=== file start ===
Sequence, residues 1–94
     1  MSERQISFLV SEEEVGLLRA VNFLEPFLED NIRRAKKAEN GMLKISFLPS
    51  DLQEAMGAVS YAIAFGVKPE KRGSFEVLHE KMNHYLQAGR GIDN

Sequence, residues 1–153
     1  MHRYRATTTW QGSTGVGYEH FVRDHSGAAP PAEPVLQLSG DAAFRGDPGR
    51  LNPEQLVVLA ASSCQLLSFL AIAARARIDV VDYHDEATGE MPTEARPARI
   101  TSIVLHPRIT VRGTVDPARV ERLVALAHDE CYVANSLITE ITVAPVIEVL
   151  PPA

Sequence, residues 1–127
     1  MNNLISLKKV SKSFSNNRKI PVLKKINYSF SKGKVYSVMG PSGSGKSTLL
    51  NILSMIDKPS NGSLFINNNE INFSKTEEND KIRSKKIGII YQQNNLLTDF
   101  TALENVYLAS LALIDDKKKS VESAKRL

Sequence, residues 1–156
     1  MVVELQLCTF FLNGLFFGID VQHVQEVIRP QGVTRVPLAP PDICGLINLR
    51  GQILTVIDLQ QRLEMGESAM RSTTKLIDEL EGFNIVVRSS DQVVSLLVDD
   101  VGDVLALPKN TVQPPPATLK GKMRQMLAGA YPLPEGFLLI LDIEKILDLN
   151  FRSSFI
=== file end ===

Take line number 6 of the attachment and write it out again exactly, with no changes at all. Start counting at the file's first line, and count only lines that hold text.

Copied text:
    51  LNPEQLVVLA ASSCQLLSFL AIAARARIDV VDYHDEATGE MPTEARPARI